Tiger Woods will be remembered for what could have been.
Some will interpret that to be a comment on Woods’s failure to “catch Jack.” For nearly twenty years, the hucksters in the golf world pushed that idea that Woods would surpass Jack Nicklaus’s mark of 18 majors, thereby establishing Woods as the “Greatest of All Time.” Woods, whose career we now know was very much front-loaded, was treated as if he had already passed Jack. As a result of the way the media — and Woods himself — framed Woods and his “historic chase of Jack Nicklaus,” Woods has wound up with the greatest, and most lucrative, sports career ever… to be considered an absolute failure. Woods isn’t Secretatiat; he’s every horse who won the first two legs of the Triple Crown only to falter at Belmont. The difference between Woods and those horses is that the sports media crowned Woods the Triple Crown winner — when Woods is finished, Secretariat will be a footnote — before the Belmont was run.
However, that is not what I am writing about today. Woods’s image may have been able to withstand the “chasing Jack” and “greater then Nicklaus” hype had he not been such a smug, rude, unfeeling human being. You know the saying: Be nice to people on your way up, because you are going to see the same people on your way down. Woods always considered himself above “nice,” and as a result, people relish kicking him on his way down.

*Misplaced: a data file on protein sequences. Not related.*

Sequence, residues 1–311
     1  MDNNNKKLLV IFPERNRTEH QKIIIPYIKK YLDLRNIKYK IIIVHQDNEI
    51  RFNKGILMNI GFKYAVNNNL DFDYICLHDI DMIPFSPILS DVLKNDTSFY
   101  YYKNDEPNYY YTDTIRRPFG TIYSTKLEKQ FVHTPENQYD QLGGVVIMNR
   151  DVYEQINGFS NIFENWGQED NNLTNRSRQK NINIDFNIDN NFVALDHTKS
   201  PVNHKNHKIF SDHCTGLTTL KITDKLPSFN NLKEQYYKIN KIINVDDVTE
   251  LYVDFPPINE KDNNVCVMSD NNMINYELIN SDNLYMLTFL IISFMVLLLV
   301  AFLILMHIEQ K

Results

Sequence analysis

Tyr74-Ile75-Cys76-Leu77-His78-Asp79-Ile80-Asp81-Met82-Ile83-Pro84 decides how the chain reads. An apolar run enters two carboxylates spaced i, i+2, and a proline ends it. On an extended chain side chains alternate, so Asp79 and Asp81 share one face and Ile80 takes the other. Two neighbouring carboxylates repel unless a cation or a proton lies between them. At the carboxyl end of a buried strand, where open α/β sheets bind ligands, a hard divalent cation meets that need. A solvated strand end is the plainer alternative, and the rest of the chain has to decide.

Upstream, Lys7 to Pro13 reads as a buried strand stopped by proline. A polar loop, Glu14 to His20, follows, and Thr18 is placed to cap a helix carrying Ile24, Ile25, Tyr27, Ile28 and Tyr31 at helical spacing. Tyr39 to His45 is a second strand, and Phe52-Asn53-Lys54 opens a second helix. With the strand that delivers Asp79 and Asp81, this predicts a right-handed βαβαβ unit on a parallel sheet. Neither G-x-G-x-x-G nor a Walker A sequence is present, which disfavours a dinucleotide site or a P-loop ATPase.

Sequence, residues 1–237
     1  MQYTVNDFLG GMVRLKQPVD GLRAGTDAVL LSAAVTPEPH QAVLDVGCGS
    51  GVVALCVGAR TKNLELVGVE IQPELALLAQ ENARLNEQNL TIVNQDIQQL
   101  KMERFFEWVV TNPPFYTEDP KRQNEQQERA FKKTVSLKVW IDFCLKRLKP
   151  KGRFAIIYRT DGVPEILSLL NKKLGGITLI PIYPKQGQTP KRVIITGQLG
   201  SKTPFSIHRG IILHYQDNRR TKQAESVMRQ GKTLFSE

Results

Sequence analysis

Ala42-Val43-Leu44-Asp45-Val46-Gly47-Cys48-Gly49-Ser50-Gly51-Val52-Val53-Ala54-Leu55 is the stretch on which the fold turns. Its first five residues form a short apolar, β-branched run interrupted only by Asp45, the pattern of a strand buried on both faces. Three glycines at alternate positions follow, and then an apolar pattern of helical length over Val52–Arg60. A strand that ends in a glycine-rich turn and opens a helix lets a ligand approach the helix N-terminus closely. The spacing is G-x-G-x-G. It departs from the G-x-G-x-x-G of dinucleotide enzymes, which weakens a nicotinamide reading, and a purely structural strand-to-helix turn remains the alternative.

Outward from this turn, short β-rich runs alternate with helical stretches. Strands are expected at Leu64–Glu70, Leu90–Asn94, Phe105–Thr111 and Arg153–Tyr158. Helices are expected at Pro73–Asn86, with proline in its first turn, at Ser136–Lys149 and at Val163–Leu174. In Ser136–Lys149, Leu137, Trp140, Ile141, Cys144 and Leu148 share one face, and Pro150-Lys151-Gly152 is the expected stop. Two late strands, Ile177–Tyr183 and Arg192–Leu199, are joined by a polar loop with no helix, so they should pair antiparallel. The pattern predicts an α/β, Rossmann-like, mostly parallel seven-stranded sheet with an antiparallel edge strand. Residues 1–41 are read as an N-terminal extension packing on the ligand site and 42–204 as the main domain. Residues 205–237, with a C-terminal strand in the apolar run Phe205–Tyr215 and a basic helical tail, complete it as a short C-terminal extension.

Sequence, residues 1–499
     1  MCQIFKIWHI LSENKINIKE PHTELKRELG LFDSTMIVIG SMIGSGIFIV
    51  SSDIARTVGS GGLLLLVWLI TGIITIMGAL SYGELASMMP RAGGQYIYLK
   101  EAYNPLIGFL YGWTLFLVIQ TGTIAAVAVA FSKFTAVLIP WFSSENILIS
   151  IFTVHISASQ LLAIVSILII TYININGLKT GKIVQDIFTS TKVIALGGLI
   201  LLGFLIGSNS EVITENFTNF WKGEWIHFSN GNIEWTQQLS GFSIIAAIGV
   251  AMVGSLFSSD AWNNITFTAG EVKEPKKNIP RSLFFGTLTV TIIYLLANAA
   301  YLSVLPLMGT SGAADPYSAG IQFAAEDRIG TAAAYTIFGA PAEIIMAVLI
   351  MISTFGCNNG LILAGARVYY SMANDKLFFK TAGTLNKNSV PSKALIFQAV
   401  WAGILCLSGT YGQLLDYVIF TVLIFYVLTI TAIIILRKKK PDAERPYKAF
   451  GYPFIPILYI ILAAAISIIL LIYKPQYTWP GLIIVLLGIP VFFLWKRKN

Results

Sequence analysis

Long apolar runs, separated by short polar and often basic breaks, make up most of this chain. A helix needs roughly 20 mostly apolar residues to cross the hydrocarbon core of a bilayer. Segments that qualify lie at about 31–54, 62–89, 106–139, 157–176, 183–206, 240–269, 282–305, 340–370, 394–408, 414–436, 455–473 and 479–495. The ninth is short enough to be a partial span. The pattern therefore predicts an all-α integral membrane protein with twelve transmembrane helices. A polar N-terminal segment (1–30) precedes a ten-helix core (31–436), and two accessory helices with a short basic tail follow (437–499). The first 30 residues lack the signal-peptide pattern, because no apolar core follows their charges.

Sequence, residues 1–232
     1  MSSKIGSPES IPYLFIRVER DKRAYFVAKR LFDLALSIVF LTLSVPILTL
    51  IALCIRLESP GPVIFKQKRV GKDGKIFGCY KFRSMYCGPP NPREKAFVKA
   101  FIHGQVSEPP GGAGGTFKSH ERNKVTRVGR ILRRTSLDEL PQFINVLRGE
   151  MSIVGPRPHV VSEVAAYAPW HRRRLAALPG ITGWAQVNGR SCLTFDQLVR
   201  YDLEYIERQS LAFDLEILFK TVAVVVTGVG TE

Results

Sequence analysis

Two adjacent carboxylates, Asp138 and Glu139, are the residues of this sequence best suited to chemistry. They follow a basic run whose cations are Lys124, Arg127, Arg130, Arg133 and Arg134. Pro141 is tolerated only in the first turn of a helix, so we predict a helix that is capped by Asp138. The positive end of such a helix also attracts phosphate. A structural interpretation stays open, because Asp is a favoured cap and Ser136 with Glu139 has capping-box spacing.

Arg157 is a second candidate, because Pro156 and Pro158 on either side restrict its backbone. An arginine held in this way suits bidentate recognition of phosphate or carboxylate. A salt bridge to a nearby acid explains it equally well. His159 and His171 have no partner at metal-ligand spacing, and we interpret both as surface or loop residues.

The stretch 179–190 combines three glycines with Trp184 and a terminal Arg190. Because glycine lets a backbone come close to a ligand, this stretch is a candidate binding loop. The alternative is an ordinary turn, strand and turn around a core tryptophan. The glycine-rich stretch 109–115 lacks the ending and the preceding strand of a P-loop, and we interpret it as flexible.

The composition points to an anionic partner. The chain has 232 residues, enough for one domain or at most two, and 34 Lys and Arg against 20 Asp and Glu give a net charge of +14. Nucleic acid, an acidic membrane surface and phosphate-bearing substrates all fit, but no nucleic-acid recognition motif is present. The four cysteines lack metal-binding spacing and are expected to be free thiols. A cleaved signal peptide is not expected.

It did not have to be that way. That’s the “what could have been” I am writing about today.
Consider: the constant cursing; the over-the-top on-course celebrations; the aversion to self-effacing modesty. Those were all observable things. The media — Woods’s prime enabler — ignored them, or worse, painted them as assets. They show his single-mindedness and intensity. That seems silly in retrospect, but that was the media’s accepted narrative.
Add to those the things we now know: a disturbing misogyny; damning links to Dr. Anthony Galea and others in the world of PEDs; a false image created by Nike and IMG.
Woods has referred to himself as a role model and stated that he took that responsibility seriously. Really? Where? On the course? Off the course?
Most troubling of all is how Woods knew the truth the entire time and yet went along pushing a false image, and how the media went along — sometimes knowingly, sometimes unknowingly — with the ruse.
Let’s now address something that could have been put in both categories above, the Rock Ishii-engineered distance and accuracy golf ball (see here and here) Woods alone had in 2000: This ball advantage was observable — to knowledgeable observers of golf — but has only recently become a “we now know” item for the general public. When it comes to the mainstream golf media, we have to wonder, “What did they know, and when did they know it?” And, why, once they knew, did they not make a point of educating the public.